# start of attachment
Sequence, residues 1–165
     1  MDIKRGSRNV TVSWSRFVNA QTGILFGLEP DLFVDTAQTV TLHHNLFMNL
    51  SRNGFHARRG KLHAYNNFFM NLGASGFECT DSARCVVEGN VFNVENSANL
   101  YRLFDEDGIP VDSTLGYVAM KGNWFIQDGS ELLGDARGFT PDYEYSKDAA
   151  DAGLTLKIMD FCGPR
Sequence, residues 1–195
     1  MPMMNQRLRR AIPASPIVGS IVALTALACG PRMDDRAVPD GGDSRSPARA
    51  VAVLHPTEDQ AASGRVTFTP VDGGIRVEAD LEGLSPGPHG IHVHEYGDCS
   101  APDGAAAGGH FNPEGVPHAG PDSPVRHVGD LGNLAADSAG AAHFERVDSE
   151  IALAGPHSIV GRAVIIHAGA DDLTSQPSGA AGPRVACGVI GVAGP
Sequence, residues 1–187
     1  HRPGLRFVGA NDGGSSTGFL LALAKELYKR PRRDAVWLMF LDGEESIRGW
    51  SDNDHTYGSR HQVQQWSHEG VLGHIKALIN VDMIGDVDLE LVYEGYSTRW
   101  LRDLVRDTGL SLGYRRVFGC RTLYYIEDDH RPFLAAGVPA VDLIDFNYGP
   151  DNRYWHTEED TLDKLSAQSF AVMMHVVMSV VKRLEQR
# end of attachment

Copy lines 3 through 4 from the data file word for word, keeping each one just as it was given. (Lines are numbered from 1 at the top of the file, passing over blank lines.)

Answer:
    51  SRNGFHARRG KLHAYNNFFM NLGASGFECT DSARCVVEGN VFNVENSANL
   101  YRLFDEDGIP VDSTLGYVAM KGNWFIQDGS ELLGDARGFT PDYEYSKDAA